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Great Lakes Restoration: "A Matter of Momentum"

PHOTO: Hoping that Congress will commit funding for long-term restoration, hundreds of people who work to keep the Great Lakes healthy gathered this week to share ideas and build relationships. Photo credit: Steve Moses.
PHOTO: Hoping that Congress will commit funding for long-term restoration, hundreds of people who work to keep the Great Lakes healthy gathered this week to share ideas and build relationships. Photo credit: Steve Moses.
September 13, 2013

LANSING, Mich. – More than 700 advocates from Michigan and across the region gathered in Milwaukee earlier this week for the annual Great Lakes Restoration Conference.

With pivotal decisions to be made by Congress on the future support for the Great Lakes economy and ecology, advocates are pushing for full funding of the Great Lakes Restoration Initiative.

Andy Buchsbaum, director of the National Wildlife Federation’s Great Lakes division, says a lot of progress has been made on cleaning up the Great Lakes as a result of the initiative.

"We've been able to bring in $1.4 billion over the last four years for Great Lakes restoration,” he explains. “And that's had an enormous impact on the Great Lakes, but also on our economy, the Michigan economy particularly."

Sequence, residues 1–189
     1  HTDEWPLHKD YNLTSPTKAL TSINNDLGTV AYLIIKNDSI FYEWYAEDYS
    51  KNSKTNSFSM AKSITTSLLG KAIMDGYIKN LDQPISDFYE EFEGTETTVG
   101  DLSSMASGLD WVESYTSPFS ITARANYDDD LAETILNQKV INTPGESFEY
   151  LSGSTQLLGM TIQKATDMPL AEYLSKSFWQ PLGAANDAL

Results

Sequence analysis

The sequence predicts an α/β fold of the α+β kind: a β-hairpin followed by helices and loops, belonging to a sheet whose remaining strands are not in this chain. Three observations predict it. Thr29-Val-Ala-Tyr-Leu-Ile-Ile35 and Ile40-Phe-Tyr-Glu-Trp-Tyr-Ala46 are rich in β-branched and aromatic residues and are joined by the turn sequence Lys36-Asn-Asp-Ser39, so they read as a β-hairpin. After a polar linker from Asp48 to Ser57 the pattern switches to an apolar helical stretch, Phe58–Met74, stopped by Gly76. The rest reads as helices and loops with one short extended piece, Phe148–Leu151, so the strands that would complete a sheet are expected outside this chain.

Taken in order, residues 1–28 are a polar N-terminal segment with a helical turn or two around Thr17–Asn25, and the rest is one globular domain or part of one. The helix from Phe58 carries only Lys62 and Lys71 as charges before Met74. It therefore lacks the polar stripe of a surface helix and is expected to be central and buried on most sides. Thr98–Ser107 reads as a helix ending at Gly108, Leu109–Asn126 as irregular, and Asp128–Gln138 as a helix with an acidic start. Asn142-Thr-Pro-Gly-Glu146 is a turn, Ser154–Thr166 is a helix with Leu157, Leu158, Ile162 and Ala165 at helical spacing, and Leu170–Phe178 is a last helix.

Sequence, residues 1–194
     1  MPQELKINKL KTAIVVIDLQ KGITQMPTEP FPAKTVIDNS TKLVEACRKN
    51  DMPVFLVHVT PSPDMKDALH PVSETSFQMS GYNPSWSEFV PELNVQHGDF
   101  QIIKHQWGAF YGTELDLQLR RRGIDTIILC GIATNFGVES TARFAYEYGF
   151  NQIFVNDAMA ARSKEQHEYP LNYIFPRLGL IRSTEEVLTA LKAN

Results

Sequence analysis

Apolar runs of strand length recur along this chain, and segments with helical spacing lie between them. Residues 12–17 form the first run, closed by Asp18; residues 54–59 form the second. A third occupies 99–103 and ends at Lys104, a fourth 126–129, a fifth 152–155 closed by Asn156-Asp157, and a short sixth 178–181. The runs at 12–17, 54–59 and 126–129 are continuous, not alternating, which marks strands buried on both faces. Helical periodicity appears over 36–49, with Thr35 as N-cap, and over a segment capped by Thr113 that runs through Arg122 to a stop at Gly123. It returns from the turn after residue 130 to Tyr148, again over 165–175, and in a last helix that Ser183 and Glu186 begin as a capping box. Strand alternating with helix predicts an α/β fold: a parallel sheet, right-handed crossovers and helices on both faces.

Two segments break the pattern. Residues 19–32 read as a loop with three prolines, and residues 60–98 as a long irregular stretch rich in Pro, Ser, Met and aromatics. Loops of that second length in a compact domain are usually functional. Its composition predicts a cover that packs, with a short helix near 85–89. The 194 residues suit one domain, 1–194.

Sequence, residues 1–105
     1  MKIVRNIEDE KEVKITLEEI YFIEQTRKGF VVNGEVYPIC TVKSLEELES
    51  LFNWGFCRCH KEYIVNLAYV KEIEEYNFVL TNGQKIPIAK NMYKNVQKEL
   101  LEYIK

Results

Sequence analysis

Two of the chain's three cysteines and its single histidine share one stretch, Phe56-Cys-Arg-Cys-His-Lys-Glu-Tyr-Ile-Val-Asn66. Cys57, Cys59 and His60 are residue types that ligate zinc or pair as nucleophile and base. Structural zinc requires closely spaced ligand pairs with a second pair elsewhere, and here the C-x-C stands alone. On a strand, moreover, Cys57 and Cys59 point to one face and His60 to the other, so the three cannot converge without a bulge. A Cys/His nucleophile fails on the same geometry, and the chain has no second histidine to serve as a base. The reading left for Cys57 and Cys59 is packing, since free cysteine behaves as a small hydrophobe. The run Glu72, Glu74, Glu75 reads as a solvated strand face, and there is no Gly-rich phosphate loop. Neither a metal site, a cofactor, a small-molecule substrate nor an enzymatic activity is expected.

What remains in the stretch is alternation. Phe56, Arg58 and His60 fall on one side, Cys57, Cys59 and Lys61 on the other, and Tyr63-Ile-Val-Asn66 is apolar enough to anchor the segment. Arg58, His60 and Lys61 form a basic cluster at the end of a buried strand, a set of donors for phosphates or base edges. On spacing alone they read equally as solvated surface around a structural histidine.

A U.S. Senate bill would provide $300 million for the Great Lakes Restoration Initiative. The House could slash funding to $60 million, but an amendment has been introduced that would boost that amount to $210 million.

The Great Lakes are the largest source of surface freshwater on the planet.

Buchsbaum says new threats to the Great Lakes are emerging all the time, including Asian carp, deadly algae blooms and an aging oil pipeline across the Straits of Mackinac.

"Carries 20 million gallons a day of oil,” he says. “It's 60 years old. It's never been replaced and it's run by Enbridge Company, which is the same pipeline company that brought us the Kalamazoo River oil spill, the million-gallon spill three years ago."

Rob South, Public News Service - MI